BioCycle January 2019
Many factors affect the marketability of a particular compost. First, it needs to possess the characteristics required for a specific application, or market segment (e.g., landscapers, wholesale nursery). Selling the product at an appropriate pricing level, and providing good customer service, are also essential. However, without appropriate sales activity, these factors alone will not enable improved product sales success. History has shown that appropriate engagement of the marketplace is the key factor in developing a successful compost marketing program.
Key to breaking into markets is having the proper technical understanding of the segment in which the compost will be sold. That, however, takes investment — in time, money and staffing — to most effectively approach the marketplace. Investing in staff and staff education is incredibly important to the marketing success of not only individual companies, but also the overall organics recycling industry. Although the U.S. composting industry is about 40 years old, the vast majority of compost manufacturers do not employ full-time sales staff. Product development and marketing (and sales) are either not taken seriously enough, or facility owners and/or managers may simply believe that they cannot afford a salesperson, or that other revenue sources, e.g., tipping fees, are adequate enough.
It is understood that the innate regional demand for compost (and other soil amendments) is based on factors such as population, business demographics (types and number of professional end users in the reachable marketplace), and available green space. However, experience has shown that markets grow faster when more companies are competing fairly against one another in a geographical market area. This is especially the case where compost education is needed, since the product gains more credibility if five different composters approach a specific end user once, instead of one composter fives times.
Interestingly, the composting industry has been able to expand compost usage by inventing new applications for compost, as well as educating the marketplace about the benefits of soil enhancement on plant growth and environmental improvement. Education of the marketplace about soil improvement has even allowed peat sales to continue to increase (based on U.S. Geological Survey data), while the composting industry has continued to expand (with compost preferred over peat for landscaping applications). That said, the marketplace is getting more crowded, and compost is being challenged as the dominant soil amendment product. It still competes against peat, as well as manures, wood-based soil amendments, humic substances, digestates, worm castings, microbial packages, etc. So, focus is required in order to position your compost product for sales success.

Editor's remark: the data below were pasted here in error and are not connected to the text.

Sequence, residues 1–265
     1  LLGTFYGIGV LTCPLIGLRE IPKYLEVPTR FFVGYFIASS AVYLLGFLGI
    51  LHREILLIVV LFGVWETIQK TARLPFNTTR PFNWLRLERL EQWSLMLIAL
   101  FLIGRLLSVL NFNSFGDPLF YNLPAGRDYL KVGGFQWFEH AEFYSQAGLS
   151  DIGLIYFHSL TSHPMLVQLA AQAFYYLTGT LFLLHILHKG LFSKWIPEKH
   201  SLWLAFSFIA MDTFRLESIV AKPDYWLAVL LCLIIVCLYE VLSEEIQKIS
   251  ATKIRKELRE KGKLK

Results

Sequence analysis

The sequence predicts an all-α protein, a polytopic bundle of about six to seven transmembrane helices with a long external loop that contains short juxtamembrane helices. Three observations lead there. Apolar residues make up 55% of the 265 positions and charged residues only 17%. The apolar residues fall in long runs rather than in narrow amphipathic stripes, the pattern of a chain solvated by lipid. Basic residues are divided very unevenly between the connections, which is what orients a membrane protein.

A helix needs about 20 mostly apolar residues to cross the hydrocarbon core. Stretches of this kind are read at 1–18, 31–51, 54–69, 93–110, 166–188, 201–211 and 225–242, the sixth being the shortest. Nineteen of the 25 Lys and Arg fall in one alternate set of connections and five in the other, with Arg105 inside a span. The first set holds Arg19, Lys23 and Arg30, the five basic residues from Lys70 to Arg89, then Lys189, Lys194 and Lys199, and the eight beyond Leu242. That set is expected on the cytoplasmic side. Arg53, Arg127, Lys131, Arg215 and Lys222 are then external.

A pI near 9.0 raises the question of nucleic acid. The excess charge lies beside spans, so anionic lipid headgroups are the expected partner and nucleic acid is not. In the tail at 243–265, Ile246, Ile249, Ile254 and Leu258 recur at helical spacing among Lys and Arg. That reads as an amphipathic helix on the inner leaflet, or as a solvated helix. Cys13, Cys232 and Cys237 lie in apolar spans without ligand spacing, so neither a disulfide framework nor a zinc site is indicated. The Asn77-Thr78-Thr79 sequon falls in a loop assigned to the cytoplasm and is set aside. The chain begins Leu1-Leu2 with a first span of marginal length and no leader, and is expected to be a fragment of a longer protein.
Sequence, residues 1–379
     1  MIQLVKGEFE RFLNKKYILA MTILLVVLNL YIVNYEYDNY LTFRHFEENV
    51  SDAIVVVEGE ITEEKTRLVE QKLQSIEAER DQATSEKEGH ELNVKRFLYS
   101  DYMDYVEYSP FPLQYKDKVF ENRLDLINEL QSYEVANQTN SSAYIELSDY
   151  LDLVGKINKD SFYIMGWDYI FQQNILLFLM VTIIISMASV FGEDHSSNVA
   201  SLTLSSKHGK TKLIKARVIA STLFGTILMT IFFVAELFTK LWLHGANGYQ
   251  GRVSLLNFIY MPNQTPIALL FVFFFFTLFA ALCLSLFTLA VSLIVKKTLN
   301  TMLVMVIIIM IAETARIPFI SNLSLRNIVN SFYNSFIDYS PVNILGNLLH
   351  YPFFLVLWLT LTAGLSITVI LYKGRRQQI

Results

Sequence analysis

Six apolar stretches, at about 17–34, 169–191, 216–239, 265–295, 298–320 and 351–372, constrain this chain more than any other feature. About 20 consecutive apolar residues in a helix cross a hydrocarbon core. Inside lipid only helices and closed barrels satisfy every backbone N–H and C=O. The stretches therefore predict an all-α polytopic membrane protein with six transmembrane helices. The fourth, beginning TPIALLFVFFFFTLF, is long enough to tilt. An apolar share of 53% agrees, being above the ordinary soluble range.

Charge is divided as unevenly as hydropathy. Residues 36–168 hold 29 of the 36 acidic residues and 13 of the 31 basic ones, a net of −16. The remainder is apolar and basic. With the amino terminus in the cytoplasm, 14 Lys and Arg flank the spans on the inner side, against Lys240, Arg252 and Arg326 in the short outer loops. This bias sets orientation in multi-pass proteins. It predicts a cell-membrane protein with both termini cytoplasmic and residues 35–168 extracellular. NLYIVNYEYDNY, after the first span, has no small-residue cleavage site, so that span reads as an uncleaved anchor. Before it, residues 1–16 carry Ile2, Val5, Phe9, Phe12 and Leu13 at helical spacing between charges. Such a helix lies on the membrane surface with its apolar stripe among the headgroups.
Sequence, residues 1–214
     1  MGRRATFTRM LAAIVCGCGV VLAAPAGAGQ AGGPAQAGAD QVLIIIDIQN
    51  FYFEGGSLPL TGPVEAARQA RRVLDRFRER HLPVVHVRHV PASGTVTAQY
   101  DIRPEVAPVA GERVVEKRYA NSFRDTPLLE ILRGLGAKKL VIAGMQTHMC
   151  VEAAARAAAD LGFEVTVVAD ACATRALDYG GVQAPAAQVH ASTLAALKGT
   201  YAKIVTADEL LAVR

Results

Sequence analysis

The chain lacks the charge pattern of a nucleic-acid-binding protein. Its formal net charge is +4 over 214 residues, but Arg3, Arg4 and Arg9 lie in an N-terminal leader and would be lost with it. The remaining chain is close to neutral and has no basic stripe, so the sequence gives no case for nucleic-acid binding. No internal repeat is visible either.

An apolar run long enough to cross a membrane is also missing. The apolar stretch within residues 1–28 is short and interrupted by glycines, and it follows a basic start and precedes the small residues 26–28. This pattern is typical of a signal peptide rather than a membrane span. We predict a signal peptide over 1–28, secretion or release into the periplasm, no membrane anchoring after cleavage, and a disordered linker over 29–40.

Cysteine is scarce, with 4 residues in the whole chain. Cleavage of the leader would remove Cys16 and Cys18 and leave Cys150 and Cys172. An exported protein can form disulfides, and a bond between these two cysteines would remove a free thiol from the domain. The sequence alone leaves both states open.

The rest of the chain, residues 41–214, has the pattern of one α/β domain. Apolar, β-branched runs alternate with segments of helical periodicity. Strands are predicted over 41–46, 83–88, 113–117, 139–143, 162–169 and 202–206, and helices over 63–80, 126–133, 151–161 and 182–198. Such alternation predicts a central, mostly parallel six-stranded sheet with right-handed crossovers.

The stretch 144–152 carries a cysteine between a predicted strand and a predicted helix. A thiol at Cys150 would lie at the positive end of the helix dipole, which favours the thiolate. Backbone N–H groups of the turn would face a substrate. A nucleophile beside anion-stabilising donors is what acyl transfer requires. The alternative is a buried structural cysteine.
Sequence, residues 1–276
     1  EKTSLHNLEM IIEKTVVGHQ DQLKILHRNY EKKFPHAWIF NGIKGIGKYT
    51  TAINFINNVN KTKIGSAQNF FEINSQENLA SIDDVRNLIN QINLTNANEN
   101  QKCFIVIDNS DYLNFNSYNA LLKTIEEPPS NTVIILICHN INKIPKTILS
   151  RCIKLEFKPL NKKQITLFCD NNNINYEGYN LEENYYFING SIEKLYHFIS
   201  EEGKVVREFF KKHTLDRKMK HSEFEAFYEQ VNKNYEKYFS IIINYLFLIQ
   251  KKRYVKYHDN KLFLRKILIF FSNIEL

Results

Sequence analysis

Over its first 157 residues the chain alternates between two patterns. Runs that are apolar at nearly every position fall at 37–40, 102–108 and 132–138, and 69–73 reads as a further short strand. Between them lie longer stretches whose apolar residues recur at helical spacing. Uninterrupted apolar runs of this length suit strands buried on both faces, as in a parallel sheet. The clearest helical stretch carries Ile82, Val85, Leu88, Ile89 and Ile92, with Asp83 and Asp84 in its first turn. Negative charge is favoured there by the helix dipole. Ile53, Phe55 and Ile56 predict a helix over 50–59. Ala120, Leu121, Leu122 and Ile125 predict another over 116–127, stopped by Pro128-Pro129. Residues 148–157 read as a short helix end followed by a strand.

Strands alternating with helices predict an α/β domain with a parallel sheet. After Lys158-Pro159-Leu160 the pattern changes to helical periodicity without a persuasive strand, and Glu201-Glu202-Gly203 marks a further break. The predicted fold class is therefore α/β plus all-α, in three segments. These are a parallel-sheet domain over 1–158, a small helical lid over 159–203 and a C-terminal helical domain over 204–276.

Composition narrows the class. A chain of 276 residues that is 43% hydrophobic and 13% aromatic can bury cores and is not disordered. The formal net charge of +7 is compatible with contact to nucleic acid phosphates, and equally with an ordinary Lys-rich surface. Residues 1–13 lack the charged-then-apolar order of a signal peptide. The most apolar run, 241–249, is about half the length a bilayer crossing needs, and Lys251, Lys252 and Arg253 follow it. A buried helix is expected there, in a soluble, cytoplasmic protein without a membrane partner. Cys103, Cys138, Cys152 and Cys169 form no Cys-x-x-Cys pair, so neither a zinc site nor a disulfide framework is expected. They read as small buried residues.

Positioning a product for distribution within an existing market takes both forethought and knowledge of the specific market area, as well as the product. Market positioning considerations include the following:
• Geography: Where will you “geographically” concentrate your marketing, and in how large of a geographical area? This determination will be based on factors such as competition, transportation costs, business and population demographics, and possibly bulk density (since it impacts the volume of compost that can be shipped on a truck) of the product.
• Market Segments: In which market segments will you concentrate your sales (e.g., nurseries, landscapers, etc.)? This determination is based on factors such as business and population demographics, product characteristics, staff skills and knowledge of the market segment, etc.
• Product/Application: What are the typical characteristics of your product, and what specific type(s) of product will you actually manufacture (e.g., soil amendment, mulch, topdressing, etc.) to meet the requirements of your end users? This determination is based on things such as competition, access to application equipment, end user product requirements (and market sophistication), facility infrastructure/equipment, etc.
Good market research can assist a composter in making these planning decisions, as will prior knowledge of the regional “green industry” (end use industry). Other internal and external factors also influence how you position your product for sale, including:
• Competition: What products are you selling against? How do you compare with them on a quality and economic basis?
• Product or Feedstock Characteristics: Does your feedstock or finished product possess any characteristics which make it unique, allowing for niche markets to be developed (e.g., high nutrient content) or limiting the product’s use within specific markets (e.g., high contaminant levels or electrical conductivity)? Along with the innate characteristics of the feedstock and the finished product, the ability to produce a consistent product affects the market segments that can be targeted, as well as the product’s value. An example is the sale of a biosolids compost that is finely screened, and high in slow release nitrogen and iron for use as a turf topdressing.